People say that development of a Web GUI is less expensive than a "native" one (4 times IIRC, although IDK how it's measured: by time or costs).
But I don't quite understand why — almost any "native" cross-platform GUI should be way less prone to all sorts of technical debts than a JS "webapp".
I have a theory, that it's just because the Web allows the degrees of flakiness which are hard to reach with a "native" GUI applications…
The users don't value the reliability anyhow. Sigh.
This is actually not specific to GUI, just well-illustrated by it. This whole backwards motion in s/w dev't. Wish I knew how to interpret it. Is this a signal to leave or what?
@amiloradovsky less developers needed. And those are quite costly.
@dpwiz Sure, but why? "Web dev" is about intentionally using way inferior technologies requiring more manual work, no?
@amiloradovsky idk. Native tooling is pretty shitty too.
@dpwiz Shittiness is also relative, and the differences appear to be orders of magnitude.
re: complaints, IT
@blobyoumu How come that it's cheaper, if the programs are harder to debug and avoid bugs in the first place?
@blobyoumu Even easier — just don't.
BTW, TypeScript is a joke. Just like the "types" in Python, for example.
There are not many good cross platform GUIs that devs like to use though. And relying on JS/HTML makes it easy to develop both a website and an app using Electron. It sucks for users but the reason why it happens is pretty obvious.
@boilingsteam That's my point — the user is not a friend of the developer — the user wants what the developer wants to avoid dealing with.
The user wants a flaky, barely functioning software, yesterday. While the developer doesn't derive any pleasure from working that… more so knowing that this kind of work is going to make a lot of the users suffer in the not so long run. And even more so knowing that working on shitty software is going to destroy the good habits.
@amiloradovsky @boilingsteam Like @boilingsteam said. I did had to study the cost for a new version of the app for where I was working... The user reach you can have with a simple web-app compared to any "native" solution is really big and can justify the cost to switch (from native) alone. Just the "step" to install anything, even the electron-based web app, is a big stopper these days...
It's harder if you have never developed in Qt. Lack of familiarity is a cost. For a full stack dev whose tools is React/JS or other similar frameworks, Qt is not even on the radar and they are not going to learn Qt on the job. Even staying up to date with Web frameworks is already a huge investment of time these days.
@EP1CNESS …and if you don't want to make pot-boilers — quit "programming"…
@amiloradovsky I think it's simpler than all that: develop for one platform (web) or for Windows & Mac & Android & iOS (let's not kid ourselves that they're considering Linux here). Even if each is a bit easier, there's 4-5 of them.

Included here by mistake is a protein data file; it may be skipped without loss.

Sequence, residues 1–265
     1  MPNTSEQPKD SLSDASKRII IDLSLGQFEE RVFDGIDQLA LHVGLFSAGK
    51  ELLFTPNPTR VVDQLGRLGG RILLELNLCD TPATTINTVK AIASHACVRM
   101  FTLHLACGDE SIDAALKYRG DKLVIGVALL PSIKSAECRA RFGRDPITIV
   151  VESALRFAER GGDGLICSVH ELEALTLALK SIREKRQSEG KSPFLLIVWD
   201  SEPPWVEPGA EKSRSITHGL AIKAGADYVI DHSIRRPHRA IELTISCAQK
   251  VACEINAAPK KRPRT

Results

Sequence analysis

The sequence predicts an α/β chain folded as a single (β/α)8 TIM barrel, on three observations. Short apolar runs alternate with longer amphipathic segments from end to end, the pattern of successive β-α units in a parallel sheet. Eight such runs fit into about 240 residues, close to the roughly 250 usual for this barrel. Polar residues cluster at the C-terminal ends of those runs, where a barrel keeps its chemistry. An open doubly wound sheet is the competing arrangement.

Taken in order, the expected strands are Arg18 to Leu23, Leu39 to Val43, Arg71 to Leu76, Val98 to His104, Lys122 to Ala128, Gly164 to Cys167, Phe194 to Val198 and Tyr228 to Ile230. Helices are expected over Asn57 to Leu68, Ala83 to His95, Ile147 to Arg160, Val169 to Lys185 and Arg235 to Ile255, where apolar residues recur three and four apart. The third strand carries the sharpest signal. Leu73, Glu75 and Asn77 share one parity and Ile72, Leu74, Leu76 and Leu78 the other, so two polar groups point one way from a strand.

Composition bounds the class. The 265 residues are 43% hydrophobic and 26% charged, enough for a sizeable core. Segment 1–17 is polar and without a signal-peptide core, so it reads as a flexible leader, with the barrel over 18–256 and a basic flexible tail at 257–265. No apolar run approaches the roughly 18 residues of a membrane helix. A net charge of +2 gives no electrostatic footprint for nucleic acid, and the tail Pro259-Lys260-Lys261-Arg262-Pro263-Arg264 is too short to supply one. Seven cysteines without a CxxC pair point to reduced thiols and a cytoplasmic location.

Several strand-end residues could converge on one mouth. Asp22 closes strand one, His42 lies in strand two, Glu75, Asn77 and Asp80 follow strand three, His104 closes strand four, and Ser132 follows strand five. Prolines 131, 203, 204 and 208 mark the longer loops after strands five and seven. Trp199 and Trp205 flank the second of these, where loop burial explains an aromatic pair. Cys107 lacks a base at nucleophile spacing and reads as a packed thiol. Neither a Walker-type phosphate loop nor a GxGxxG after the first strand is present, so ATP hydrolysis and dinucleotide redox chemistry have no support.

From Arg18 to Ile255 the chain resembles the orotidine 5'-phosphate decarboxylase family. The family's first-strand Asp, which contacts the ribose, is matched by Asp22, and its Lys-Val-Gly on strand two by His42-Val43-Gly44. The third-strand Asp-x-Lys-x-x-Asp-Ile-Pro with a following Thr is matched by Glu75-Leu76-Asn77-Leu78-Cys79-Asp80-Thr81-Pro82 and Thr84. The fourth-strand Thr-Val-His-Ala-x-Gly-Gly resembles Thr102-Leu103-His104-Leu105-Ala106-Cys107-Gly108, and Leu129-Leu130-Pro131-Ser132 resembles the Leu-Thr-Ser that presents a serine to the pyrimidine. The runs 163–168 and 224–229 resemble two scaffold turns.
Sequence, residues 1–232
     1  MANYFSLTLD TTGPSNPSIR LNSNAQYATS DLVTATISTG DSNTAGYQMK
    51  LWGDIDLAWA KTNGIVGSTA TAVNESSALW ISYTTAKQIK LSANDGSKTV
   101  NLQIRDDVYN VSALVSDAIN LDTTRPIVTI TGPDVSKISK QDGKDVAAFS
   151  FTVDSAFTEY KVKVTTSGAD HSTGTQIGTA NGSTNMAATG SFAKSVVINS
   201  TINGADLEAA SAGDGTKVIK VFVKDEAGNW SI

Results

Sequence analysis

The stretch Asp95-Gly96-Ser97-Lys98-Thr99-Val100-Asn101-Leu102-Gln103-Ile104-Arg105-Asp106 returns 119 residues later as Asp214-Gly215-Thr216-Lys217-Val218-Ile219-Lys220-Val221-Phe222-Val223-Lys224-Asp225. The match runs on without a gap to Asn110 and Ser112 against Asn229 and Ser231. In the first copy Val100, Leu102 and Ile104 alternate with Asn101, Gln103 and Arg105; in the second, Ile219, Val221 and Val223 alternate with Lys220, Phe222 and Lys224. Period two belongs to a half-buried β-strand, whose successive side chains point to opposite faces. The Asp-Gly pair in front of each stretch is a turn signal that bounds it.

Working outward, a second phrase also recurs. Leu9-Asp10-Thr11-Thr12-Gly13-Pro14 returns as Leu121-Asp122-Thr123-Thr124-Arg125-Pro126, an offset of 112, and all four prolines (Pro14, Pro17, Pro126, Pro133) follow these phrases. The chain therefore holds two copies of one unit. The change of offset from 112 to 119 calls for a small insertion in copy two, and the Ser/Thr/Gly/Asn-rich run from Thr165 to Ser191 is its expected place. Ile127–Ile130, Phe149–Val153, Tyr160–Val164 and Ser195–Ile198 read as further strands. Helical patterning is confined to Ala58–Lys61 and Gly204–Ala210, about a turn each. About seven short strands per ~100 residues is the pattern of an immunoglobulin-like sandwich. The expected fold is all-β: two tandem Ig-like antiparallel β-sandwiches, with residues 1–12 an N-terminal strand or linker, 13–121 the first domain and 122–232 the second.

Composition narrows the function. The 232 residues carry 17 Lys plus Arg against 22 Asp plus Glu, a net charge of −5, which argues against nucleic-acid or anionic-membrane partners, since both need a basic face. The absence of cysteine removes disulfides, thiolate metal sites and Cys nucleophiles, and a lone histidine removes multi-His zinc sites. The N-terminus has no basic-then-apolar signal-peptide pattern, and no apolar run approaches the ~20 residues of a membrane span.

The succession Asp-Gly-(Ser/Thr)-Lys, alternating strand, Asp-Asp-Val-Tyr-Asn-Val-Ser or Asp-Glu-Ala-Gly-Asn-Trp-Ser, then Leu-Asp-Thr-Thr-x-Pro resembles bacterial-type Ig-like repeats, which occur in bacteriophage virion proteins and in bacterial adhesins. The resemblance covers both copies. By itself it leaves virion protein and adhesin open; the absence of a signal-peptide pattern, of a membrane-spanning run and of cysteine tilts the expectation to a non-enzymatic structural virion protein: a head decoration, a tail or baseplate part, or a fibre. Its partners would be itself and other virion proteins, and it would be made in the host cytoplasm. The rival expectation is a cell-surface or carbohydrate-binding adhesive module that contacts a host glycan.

@tfb So keeping a web browser, with all it's APIs, working on multiple platforms is easier than a translator and GUI library? It's counter-intuitive to say the least.
@amiloradovsky Pretty sure the usual system is to test on chrome. Full stop.
@amiloradovsky But I agree with you that there is a general vision of computer systems as being magical, even for developpers, and as a consequence, developpers tend to ignore resilience in their design choices 🙁
@amiloradovsky I think it's also because a web app is cross platform automatically while cross platform native development usually means maintaining multiple code bases and having to deal with a bunch of proprietary locked down stores to distribute the applications. 😐
@hugot WRT platform-dependence — not actually: the cross-platform libraries provide no less of APIs, abstracting away the underlying OS, yet without the restrictions and penalties of the browser.
WRT proprietary stores and distribution in general — that may be indeed a big reason.
@amiloradovsky That is true for the GUI toolkit, but any library used in a program will need to be cross platform as well. I think it's unfortunately never as simple as just using something like QT and being done with it, there will always be exceptions and different things to take into account on different platforms. Especially when trying to do something non-trivial :/
My personal policy is to only support linux when I build software, but I mostly build server stuff and docker exists so.. :p
@hugot But the browser APIs are limited as well. And all the JS libraries are bound to work within those limitations. I doubt the "native" UI libraries are more limited in this regard.
@amiloradovsky Thinking about it more, in the case of a front end application where all you need is a http lib to call REST endpoints, yeah cross platform wouldn't be more work at all!
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